Generics and type confusion

I'm trying to make a function that accepts an AsRef trait to make it easier for myself to call it with either a String or a &str or basically anything on that form. But I have a problem with the compiler telling me I have the wrong type.

In the following code the compiler is giving me an error.

fn caller<T: AsRef<str>>(data: &[(T, T)], chars: &Option<T>) -> String {
    let strings: Vec<&str> = data.iter().map(|t| t.0.as_ref()).collect();
    receiver(&strings, chars)
}

fn receiver<T: AsRef<str>>(strings: &[T], chars: &Option<T>) -> String {
    return String::new();
}
error[E0308]: mismatched types
  --> src\main.rs:31:24
   |
29 | fn caller<T: AsRef<str>>(data: &[(T, T)], chars: &Option<T>) -> String { 
   |           - this type parameter
30 |     let strings: Vec<&str> = data.iter().map(|t| t.0.as_ref()).collect();
31 |     receiver(&strings, chars)
   |                        ^^^^^ expected `&str`, found type parameter `T`   
   |
   = note: expected reference `&std::option::Option<&str>`
              found reference `&std::option::Option<T>`

error: aborting due to previous error

For more information about this error, try `rustc --explain E0308`.

But if I make the calling simpler, and remove the extra parameter and only keep the chars part, it works without issue.

fn caller2<T: AsRef<str>>(chars: &Option<T>) -> String {
    receiver2(chars)
}

fn receiver2<T: AsRef<str>>(chars: &Option<T>) -> String {
    return String::new();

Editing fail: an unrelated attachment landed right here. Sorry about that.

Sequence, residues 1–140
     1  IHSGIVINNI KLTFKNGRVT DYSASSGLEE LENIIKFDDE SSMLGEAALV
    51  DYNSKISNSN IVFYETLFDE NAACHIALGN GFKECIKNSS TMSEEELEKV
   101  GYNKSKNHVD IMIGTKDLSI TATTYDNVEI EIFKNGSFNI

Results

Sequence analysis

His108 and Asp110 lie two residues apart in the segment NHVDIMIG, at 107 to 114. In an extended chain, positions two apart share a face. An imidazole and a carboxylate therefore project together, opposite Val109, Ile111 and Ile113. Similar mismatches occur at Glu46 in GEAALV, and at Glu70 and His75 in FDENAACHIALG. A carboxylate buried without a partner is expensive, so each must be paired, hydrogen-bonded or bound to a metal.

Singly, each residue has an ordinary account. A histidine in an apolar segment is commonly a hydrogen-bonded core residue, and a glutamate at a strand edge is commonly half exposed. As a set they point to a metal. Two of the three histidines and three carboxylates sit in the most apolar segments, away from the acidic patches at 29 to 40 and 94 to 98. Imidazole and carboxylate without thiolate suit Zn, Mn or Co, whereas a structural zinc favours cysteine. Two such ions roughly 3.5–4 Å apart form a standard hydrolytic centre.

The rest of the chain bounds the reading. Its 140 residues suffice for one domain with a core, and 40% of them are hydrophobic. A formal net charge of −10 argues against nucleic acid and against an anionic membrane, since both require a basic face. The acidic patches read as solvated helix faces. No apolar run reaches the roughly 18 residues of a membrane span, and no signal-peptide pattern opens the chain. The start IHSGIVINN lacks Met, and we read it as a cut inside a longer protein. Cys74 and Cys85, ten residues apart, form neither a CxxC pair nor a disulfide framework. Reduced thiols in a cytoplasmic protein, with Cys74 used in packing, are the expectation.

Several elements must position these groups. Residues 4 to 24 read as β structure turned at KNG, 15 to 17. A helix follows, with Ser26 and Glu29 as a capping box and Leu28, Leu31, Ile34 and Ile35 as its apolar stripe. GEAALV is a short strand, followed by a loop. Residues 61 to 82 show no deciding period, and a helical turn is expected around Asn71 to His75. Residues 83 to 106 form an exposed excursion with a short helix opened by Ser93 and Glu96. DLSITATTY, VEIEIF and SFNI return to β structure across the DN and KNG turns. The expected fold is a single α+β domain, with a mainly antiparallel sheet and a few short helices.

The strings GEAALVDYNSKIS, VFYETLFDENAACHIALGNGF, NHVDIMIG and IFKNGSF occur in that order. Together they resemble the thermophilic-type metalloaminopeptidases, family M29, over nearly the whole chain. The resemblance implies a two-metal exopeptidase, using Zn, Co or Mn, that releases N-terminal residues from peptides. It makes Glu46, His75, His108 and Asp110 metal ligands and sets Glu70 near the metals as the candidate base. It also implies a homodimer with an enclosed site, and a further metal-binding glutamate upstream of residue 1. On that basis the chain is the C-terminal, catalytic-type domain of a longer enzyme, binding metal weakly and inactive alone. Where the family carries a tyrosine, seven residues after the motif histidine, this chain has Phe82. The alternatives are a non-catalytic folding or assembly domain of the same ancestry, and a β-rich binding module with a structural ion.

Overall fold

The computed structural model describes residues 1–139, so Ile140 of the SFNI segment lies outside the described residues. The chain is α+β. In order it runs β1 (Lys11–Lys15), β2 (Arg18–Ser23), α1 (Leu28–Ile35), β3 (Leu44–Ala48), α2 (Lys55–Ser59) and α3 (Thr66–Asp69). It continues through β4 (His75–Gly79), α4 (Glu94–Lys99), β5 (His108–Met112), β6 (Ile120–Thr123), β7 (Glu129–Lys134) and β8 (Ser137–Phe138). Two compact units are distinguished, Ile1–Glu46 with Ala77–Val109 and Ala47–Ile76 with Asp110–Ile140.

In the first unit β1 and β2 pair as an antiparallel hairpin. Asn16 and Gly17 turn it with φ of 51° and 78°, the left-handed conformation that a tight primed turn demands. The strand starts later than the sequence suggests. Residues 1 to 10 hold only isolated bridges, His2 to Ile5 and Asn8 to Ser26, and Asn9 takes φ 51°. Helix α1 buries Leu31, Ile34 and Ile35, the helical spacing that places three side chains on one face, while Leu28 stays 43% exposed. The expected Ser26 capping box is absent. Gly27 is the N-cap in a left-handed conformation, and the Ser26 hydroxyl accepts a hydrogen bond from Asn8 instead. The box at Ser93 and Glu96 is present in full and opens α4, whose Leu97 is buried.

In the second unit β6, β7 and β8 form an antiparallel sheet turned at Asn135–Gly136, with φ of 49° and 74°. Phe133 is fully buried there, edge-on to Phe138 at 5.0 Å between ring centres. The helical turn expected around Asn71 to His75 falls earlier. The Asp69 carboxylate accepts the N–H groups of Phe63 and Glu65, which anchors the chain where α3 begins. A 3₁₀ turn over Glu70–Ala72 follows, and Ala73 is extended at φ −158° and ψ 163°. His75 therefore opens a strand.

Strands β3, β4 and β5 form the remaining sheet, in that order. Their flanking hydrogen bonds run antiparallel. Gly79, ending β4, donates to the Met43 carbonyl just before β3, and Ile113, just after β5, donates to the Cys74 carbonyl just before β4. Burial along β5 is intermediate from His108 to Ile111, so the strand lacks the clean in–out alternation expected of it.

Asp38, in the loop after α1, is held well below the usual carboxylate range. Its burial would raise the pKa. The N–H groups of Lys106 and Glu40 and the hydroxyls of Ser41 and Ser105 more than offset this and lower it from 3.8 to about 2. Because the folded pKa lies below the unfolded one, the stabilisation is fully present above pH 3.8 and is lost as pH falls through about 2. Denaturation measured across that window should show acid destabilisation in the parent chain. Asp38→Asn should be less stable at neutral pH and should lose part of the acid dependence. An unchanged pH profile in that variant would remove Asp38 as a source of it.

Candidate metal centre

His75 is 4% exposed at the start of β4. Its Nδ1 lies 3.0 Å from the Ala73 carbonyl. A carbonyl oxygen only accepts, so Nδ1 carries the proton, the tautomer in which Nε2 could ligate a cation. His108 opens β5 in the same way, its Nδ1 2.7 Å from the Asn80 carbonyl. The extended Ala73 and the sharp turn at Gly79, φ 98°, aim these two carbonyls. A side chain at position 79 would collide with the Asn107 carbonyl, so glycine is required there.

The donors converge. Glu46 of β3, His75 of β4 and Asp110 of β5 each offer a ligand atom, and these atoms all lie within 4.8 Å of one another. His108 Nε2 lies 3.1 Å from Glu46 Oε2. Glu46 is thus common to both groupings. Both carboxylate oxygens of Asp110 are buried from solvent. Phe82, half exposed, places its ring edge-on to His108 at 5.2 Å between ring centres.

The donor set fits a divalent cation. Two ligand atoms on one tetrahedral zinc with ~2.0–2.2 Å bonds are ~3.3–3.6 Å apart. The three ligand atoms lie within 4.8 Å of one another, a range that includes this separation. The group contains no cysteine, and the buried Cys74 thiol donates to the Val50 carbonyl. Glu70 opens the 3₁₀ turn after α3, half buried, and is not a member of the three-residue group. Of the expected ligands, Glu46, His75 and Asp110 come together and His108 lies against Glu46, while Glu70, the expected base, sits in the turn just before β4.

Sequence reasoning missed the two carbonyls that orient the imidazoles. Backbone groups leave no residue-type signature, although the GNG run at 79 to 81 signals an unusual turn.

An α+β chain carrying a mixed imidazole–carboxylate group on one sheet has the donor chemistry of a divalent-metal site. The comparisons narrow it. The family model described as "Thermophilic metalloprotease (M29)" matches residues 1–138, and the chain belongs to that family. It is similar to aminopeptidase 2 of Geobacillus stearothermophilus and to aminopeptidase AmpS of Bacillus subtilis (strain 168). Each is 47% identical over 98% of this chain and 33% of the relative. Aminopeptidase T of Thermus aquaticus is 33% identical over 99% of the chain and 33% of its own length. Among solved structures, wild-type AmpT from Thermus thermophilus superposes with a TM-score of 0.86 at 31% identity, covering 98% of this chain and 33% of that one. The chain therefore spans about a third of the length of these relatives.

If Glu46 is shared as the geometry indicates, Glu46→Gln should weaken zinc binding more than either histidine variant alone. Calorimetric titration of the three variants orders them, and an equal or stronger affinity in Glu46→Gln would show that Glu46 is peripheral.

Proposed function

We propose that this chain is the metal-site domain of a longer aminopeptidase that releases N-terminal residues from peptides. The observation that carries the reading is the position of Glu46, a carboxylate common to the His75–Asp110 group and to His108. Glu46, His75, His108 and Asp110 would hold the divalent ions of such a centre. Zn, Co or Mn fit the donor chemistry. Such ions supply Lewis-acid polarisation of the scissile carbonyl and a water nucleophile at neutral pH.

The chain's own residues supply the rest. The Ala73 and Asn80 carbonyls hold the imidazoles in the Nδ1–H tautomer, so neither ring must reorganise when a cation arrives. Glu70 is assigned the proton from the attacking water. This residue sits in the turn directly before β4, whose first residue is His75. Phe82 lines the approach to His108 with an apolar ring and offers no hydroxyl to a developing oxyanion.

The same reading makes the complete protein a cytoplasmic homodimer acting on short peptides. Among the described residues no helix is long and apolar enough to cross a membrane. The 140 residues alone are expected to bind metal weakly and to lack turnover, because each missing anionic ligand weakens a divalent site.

}

What is going on here in the compiler? I know it's something to do with the strings conversion I am doing, but I cannot wrap my head around it. Does it hardlock the type of T when I call the .as_ref() function in the mapping?

The problem is that receiver expects (strings: &[T], chars: &Option<T>) where both Ts have to be the same type. You could go with

fn receiver<T1: AsRef<str>, T2: AsRef<str>>(strings: &[T1], chars: &Option<T2>) -> String {
    return String::new();
}

instead.

Alternatively, you can change the call to no longer use &[&str], &Option<T>, but e.g. &[&str], &Option<&str> instead, by receiver(&strings, &chars.as_ref().map(T::as_ref))

Yet another option: Call it with &[&T], &Option<&T> by

fn caller<T: AsRef<str>>(data: &[(T, T)], chars: &Option<T>) -> String {
    let strings: Vec<&T> = data.iter().map(|t| &t.0).collect();
    receiver(&strings, &chars.as_ref())
}

Edit: And if you take the generics even further and use iterators, you can get rid of the intermediate Vec (playground with questionably over-generic code example).

6 Likes

For this sort of type signature, I often prefer impl syntax. It reduces the visual distance between the parameter name and the type it actually takes. This is equivalent to the code above, for instance:

fn receiver(strings: &[impl AsRef<str>], chars: &Option<impl AsRef<str>>) -> String {
    return String::new();
}
4 Likes

I do like the idea of this and will probably start doing exactly this for simpler function signatures.

In my case here though, the function is longer and the type generic has more constraints than just AsRef<str>

Thanks for the good explanation.

I'm coming from other languages were the type T is not restricted by what the function calling it might implement it as, so it threw me off and I didn't think of it, but it does make perfect sense.

Specifically which language allows a single type parameter to designate several unrelated types? That seems odd.

1 Like

Hmm... After looking a bit further into this, It's probably a misconception that I've held and only just now realized wasn't the case. So you were definitely right in it sounding wrong!

My thought was that it was just any parameter that satisfies the constraint, but not necessarily the same. I can see how that would pose certain types of problems and splitting them into two separate type parameters is definitely just something that I need to get used to in certain situations.